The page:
The original post from Craftsy teaches how to make the batter for the patterns/inlays and how to build the cake, but lacks on giving the cake recipe itself letting us, baking aficcionados, free to use our own.

Well, that said, you may know (or not… nothing wrong with that), that  roll cakes (and a numerous amount of “caky” desserts, including my happily ever afters) are constituted by a genoise cake with some sort of filling (buttercream, dulce de leche, brigadeiro, jam…).

There are a thousands of recipes available to be tried. I personally have tried a couple, some more successful… some less… until I decided on the one that I’d love to present to you today. I hope it works for you as well as it has been working for me.

What you will need:

  • 1 cup Flour
  • 3/4 cup Sugar
  • 3 tbsp softened Butter
  • 4 Eggs
  • Hot water (for the double boiler)

How 2 make:

Pre-heat the oven at 325ºF (160ºC) Heat the water in a pan. Pour the eggs and sugar on a thick-bottom bowl and double boil it, whisking all time. Stop double boiling  when the mixture reaches approximately 155ºF (68ºC), or when it is slightly thicker and lighter in color.

Beat the mixture in high speed (8-10x) for 8-10 minutes (or until completely cool). Stir in half of the flour and the softened butter. Stop the mixer and slowly mix (with a spatula) the rest of the flour.

Pour the mixture on the medium size (10 x 15  inches) baking sheet greased and covered with parchment paper (the parchment should already have the design for the inlays at this point, if in doubt, check here for this part).

Take it to the oven and bake it for 12-15 minutes (or until the edges start to become a really pretty gold brown). Roll it with the help of a towel and let it cool rolled. When completely cool, unroll, fill with your favorite filling, roll it back and TCHANHÃ, a beautiful, charming, nhamy, rolled cake!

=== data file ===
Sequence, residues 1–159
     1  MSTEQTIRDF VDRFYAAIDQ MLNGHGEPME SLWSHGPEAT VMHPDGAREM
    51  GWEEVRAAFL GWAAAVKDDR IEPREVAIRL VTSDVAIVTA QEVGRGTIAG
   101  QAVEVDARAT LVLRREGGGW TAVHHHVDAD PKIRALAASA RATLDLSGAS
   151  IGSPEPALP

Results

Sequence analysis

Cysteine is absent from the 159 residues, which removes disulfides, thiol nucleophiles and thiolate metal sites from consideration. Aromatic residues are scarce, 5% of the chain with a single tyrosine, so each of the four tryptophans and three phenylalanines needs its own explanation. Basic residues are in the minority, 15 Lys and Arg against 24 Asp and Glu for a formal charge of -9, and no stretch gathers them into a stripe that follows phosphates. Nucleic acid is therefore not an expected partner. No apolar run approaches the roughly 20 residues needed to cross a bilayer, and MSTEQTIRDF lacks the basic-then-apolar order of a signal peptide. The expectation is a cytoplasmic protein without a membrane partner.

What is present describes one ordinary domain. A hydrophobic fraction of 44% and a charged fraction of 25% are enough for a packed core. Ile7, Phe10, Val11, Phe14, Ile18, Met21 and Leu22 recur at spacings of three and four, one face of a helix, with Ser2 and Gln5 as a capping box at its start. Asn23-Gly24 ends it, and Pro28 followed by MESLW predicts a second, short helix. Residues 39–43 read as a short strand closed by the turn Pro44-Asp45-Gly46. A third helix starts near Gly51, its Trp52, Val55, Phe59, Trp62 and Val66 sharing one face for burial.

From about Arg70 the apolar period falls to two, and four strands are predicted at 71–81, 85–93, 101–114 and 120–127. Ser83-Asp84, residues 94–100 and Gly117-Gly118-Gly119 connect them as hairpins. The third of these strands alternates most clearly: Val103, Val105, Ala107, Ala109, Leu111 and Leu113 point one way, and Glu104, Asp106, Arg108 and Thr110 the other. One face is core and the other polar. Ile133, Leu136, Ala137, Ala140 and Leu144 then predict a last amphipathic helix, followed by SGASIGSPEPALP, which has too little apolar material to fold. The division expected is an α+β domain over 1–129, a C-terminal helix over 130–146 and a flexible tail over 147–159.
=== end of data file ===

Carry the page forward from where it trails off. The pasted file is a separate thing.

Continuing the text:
I’m also using this post to introduce the Comic2Recipe. Every recipe, for now on, will be posted also as a comic book page! It is a simplified version of the recipe, but makes a statement. Tell me what you think about it!

RollCake - Comic2Recipe

Don’t forget to expand it to read the spirituous comments on the balloons!

Tips and Advice:

  • Genoise cakes are known for theirs flexibility and elasticity, as well as its fluffiness. Not such an wonderful choice for an stacked cake, but pretty perfect for rolling and molding.
  • You don’t want to end up with a sweet omelet so, be careful with your double boiler! A thick-bottom bowl is essential for the success of this process.
  • If your oven won’t reach such a low temperature, you may crack it open a bit. The escaping heat will work as a temperature counter.
  • Folding the flour on your mixture is a delicate process. You don’t want to loose all the air.
  • After pouring the mixture on the sheet, don’t forget to bash it against a counter top (or other hard surface) to release the air bubbles that might get stuck between the batter and the sheet. These naughty bubbles can make your cake brake when trying to roll it.